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 What Your Glasses Reveal About You: (Part 1) 
 
The following is one in an ongoing series of columns entitled Your Eyesight and You: A Total Mind/Body Understanding of Vision by . View all columns in series

Let’s look at Multiple Personality Disorder - here is something I think is incredibly interesting: there was one case of Multiple Personality Disorder and an optometrist measured the vision of the person while they were in their different personalities. In one personality the person was nearsighted. In another personality, the same person was farsighted, in another personality they had hypertension, in another personality their blood pressure was normal. Remember, these are completely objective scientific measurements of what happens when that person was in a different personality.

Well I’m suggesting that as a nearsighted person we have a nearsighted personality and that personality, as I said, is holistic, it covers our emotional, mental, and spiritual world views. The same is true for farsightedness and astigmatism, but the consciousness aspects that are related to those are slightly different. Even Freud weighed in on the subject when said that nearsightedness was a manifestation of a castration anxiety.

Here’s another interesting study that was done a while ago: A group of nearsighted people were exposed to a pressure situation. Specifically, they had to come up with answers really fast in a pressure situation. The researchers discovered that the nearsighted people, when exposed to the pressure, became more nearsighted. People who were not nearsighted, when they were exposed to the pressure situation, instead, their vision became more heightened.

So it’s not the external pressure that forces somebody to be nearsighted, it’s the internal response that says something like, “Oh, I’ll pull away when it’s too much out there,” or “I’ll pull in when it’s too intense.”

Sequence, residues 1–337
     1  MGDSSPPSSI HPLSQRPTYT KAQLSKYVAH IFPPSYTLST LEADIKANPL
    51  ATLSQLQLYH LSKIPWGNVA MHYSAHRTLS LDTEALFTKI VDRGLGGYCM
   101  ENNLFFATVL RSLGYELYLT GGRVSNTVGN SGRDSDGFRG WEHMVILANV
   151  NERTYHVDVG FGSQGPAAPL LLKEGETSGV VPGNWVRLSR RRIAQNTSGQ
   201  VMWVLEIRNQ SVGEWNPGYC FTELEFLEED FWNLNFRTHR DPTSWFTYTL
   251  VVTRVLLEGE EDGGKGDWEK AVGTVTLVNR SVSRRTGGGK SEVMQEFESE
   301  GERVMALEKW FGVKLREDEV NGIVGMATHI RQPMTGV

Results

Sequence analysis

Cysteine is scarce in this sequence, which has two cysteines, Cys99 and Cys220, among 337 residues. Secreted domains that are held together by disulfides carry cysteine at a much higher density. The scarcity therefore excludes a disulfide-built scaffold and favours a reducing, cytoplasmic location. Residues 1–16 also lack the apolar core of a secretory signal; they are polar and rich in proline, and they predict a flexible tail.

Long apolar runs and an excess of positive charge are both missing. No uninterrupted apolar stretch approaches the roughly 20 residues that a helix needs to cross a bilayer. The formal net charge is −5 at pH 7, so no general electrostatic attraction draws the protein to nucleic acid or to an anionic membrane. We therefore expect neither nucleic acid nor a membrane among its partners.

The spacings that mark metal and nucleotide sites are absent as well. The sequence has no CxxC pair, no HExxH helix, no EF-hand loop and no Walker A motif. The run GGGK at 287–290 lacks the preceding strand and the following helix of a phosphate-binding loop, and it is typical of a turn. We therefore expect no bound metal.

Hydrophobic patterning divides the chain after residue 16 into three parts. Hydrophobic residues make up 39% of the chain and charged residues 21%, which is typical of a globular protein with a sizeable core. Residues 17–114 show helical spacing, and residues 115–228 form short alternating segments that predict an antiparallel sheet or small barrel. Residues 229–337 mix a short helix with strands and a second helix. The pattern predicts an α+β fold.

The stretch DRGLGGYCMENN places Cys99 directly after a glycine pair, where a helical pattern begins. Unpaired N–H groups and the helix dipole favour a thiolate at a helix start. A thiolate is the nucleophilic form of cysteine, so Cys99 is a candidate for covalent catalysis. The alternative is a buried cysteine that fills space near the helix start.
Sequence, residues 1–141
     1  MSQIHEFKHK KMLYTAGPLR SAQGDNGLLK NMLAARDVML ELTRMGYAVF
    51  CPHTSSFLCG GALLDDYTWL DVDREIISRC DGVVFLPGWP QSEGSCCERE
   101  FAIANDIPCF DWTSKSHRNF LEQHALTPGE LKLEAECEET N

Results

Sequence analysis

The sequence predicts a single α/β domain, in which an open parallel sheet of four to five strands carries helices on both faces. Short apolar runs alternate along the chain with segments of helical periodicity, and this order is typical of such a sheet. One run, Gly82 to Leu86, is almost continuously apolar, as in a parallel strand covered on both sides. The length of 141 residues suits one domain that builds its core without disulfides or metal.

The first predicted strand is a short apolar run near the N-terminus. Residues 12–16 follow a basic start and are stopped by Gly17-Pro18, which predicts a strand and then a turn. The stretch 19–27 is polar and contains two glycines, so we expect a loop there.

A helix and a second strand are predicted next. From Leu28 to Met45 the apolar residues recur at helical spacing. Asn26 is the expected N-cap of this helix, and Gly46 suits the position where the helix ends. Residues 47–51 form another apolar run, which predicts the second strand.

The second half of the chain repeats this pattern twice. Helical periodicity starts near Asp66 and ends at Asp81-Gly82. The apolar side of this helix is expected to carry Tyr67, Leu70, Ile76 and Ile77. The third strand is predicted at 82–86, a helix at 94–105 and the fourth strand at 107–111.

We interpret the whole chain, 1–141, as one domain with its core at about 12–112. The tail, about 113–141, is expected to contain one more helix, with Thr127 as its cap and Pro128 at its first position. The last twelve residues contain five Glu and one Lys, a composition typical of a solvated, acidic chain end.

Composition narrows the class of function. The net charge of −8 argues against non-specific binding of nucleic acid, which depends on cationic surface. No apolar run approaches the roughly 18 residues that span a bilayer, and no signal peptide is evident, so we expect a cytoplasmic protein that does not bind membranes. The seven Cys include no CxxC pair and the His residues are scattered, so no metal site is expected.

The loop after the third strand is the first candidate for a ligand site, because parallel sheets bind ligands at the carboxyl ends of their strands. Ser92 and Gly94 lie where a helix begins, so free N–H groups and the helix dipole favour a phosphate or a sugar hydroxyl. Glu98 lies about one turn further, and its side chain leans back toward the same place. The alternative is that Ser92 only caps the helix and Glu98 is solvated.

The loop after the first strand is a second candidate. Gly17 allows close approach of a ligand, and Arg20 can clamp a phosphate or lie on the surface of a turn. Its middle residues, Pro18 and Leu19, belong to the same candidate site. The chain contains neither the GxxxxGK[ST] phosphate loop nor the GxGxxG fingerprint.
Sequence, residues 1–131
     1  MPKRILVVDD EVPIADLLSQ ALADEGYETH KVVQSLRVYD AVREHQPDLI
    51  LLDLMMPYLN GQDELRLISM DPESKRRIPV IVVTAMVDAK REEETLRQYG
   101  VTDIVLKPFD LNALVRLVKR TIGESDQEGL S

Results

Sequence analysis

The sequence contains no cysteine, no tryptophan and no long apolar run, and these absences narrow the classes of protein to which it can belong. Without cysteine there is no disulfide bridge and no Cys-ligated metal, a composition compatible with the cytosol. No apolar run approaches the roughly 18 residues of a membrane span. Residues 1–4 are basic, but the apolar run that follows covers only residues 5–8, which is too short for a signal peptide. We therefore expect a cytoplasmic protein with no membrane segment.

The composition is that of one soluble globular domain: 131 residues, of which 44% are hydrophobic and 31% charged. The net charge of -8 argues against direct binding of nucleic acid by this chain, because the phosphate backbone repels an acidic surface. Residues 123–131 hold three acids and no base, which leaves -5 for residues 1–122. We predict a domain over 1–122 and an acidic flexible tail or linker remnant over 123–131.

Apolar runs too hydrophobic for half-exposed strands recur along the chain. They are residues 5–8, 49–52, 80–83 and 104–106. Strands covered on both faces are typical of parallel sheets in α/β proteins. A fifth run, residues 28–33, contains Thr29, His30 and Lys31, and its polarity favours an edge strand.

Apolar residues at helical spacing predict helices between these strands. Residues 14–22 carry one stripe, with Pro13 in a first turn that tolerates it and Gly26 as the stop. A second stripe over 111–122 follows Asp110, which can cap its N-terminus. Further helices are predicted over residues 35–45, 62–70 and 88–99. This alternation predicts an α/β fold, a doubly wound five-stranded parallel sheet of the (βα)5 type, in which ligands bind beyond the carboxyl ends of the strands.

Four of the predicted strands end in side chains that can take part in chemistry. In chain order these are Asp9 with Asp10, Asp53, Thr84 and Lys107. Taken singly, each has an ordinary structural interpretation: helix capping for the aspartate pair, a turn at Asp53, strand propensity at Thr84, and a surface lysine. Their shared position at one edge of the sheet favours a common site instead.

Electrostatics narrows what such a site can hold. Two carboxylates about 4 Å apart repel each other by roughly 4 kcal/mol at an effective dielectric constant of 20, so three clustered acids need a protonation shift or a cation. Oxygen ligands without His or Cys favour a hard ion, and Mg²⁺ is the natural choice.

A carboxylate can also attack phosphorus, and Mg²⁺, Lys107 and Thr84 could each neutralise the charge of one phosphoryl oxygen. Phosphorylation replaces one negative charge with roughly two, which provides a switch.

There’s another thing they do in the movies when they want to portray a nearsighted personality - they’ll put glasses on somebody because they want them to appear smarter, right? That’s another piece of the nearsighted personality - nearsighted people always score higher on intelligence testsr.

Now it’s easy to create nearsightedness in reverse, so they do experiments with monkeys where they have the monkeys wear blinders so that their visual field is restricted; or ifNavy personnel spend a lot of time in submarines where their visual field is restricted, they have a higher incidence of myopia. It’s easy to cause myopia from the constriction end where you just force the person’s physical world to be pulled in, and so you can make an animal or person nearsighted by putting them in an enclosed visual environment.

But it also works that from the emotional, consciousness and energetic process, you can pull in your visual world and then have it seep down into the physical.

All of this data and information points to the idea that nearsightedness and its associated personality are a particular way of responding to external stress. We’ve all heard of the fight or flight mechanism. Well you might say that the nearsighted personality is a flight response without literally running away. It’s a way to pull away from threat or stimulation or anxiety without getting up and running. For example, if you’re in school and you don’t want to be there, you can’t walk out, but you can keep your eyes open, pretend like you’re there, but really you are a million miles away. Or we can drive down the street in our cars and do the same exact thing. So it’s easy for us to pull away from the world. Many people pull away from the world temporarily, even if they’re not nearsighted; there’s a cycle to that, a kind of cycle of energy going out and energy coming in. But people who are nearsighted, the myopic personality, they tend to have that pattern be charged with emotion and it becomes a habit.

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 About The Author
Martin Sussman, president and founder of the Cambridge Institute for Better Vision and developer of the world's #1 Best-selling Program for Better Vision, is also co-author of Total Health at the Computer. Mr. Sussman......moreMartin Sussman
 
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